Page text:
To anyone who understands the implied punchline of the old adage I’m from the government, and I’m here to help, there is not a lot of wisdom in those six words.
As is custom now to start a meeting at the DOE, I had covered growing up in the rural north woods of Brainerd, Minnesota and my various scars received playing rugby for Dartmouth. Alyse Scurlock’s Florida Gators has been trashed for losing to the Aggies and Caroline Cochran’s Oklahoma roots exhumed to hash over the border rivalry with Texas.
That is when US Secretary of Energy Rick Perry asked the assembled Millennials around his private conference table what we would do if we were sitting in his chair.
Lenka Kollar of NuScale (and a Gen A Board Member) brought up the federal regulatory framework and the challenges facing advanced nuclear companies. Others chimed in, echoing a need for better federal guidance. Secretary Perry agreed and pivoted to his Notice of Proposed Rulemaking to FERC and the “discussion” it was meant to start - which continued while I waited my turn to speak.
I had read and annotated the NOPR in preparation for the meeting. And the nearly-200 page “Grid Study” the NOPR was issued in response to. And watched the three hour hearing of Secretary Perry in front of the House Energy and Commerce Subcommittee about the Grid Study and NOPR with our Technology Manager, Sam Brewer, around a bonfire in his parents’ backyard in rural Indiana. A lot of what I was hearing I had heard before. So I spoke up.
As Governor of Texas, Rick Perry oversaw an historic investment and expansion in deploying wind power. Texas became not only our nation’s leader, but one of the world leaders in wind energy. I pointed this out, as well as the similar pathway solar had taken to become codified as preferred technologies in policy. Given the volatile debates over major federal policy (such as health care and entitlement programs) waging inside the Beltway, the history of variable renewable energy technologies starkly illustrates the resilient legal framework created by individual states making a commitment and leading the way until federal policy is able to coalesce around those efforts. I suggested that if I were in his seat, I would be directing the states to push for nuclear, rather than relying on a federal-only solution.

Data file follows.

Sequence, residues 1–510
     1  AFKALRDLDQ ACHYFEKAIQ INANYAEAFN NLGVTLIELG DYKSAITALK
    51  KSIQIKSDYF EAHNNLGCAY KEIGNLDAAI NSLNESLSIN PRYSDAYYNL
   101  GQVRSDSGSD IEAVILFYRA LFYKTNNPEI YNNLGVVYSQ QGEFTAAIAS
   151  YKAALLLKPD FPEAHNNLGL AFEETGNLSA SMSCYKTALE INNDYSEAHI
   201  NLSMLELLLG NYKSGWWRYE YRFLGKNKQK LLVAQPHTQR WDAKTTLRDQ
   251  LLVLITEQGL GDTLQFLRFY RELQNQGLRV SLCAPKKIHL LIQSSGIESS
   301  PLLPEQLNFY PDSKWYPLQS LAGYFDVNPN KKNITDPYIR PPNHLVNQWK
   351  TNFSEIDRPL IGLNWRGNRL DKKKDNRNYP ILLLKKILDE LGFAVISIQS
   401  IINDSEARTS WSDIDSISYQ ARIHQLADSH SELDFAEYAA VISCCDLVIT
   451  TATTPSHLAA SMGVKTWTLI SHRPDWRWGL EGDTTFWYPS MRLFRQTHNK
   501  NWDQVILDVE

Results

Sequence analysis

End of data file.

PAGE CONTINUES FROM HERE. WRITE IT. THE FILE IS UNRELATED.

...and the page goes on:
You can read our comment on Secretary Perry’s NOPR, where you will see we have taken those six words to heart. We have knocked on tens of thousands of doors, had thousands upon thousands of personal, thoughtful, informational conversations. And we will not stop. We fully support a federal energy policy that finally recognizes nuclear’s important role in powering our nation - but we know that will not happen on its own. It will take tens of thousands more conversations and pragmatic leadership from states and utilities.
Decisions are made by those who show up. We were lucky enough to be invited to the table to speak with Secretary Perry. But there are thousands of city councilmembers, environmental activists, state representatives, bloggers, trade unionists, neighbors, US Senators, public utility commissioners, friends, land family who are having this conversation or - much worse - are NOT having this conversation.
You need to write a letter. You need to make a phone call. You need to walk down your street and knock on doors or start the conversation at the dinner table. Screen Pandora’s Promise or The New Fire. Post on Facebook. Make an appointment with your legislator.
And if you don’t know how to do these things - that’s why we are here. We are Generation Atomic, and we know how to help.
P.S. Thank you to Suzie Jaworowski and the DOE Office of Nuclear Energy for inviting this discussion and asking us to be a part of it.
Learn more at: https://www.energy.gov/ne/office-nuclear-energy